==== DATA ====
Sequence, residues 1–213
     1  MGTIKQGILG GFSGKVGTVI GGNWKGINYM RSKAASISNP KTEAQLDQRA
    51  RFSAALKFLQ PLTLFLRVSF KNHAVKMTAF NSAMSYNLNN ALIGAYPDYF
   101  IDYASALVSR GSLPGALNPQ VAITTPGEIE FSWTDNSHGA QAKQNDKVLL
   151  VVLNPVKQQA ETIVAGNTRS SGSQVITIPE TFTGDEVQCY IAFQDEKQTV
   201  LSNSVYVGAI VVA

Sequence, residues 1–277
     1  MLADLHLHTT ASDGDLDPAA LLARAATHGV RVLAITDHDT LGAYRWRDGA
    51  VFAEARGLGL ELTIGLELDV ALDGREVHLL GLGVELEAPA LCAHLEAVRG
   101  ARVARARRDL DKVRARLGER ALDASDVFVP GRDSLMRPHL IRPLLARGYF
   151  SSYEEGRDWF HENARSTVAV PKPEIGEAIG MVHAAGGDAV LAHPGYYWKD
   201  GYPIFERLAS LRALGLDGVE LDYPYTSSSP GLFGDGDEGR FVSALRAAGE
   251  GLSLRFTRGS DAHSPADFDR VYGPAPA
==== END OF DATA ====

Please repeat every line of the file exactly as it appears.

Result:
Sequence, residues 1–213
     1  MGTIKQGILG GFSGKVGTVI GGNWKGINYM RSKAASISNP KTEAQLDQRA
    51  RFSAALKFLQ PLTLFLRVSF KNHAVKMTAF NSAMSYNLNN ALIGAYPDYF
   101  IDYASALVSR GSLPGALNPQ VAITTPGEIE FSWTDNSHGA QAKQNDKVLL
   151  VVLNPVKQQA ETIVAGNTRS SGSQVITIPE TFTGDEVQCY IAFQDEKQTV
   201  LSNSVYVGAI VVA

Sequence, residues 1–277
     1  MLADLHLHTT ASDGDLDPAA LLARAATHGV RVLAITDHDT LGAYRWRDGA
    51  VFAEARGLGL ELTIGLELDV ALDGREVHLL GLGVELEAPA LCAHLEAVRG
   101  ARVARARRDL DKVRARLGER ALDASDVFVP GRDSLMRPHL IRPLLARGYF
   151  SSYEEGRDWF HENARSTVAV PKPEIGEAIG MVHAAGGDAV LAHPGYYWKD
   201  GYPIFERLAS LRALGLDGVE LDYPYTSSSP GLFGDGDEGR FVSALRAAGE
   251  GLSLRFTRGS DAHSPADFDR VYGPAPA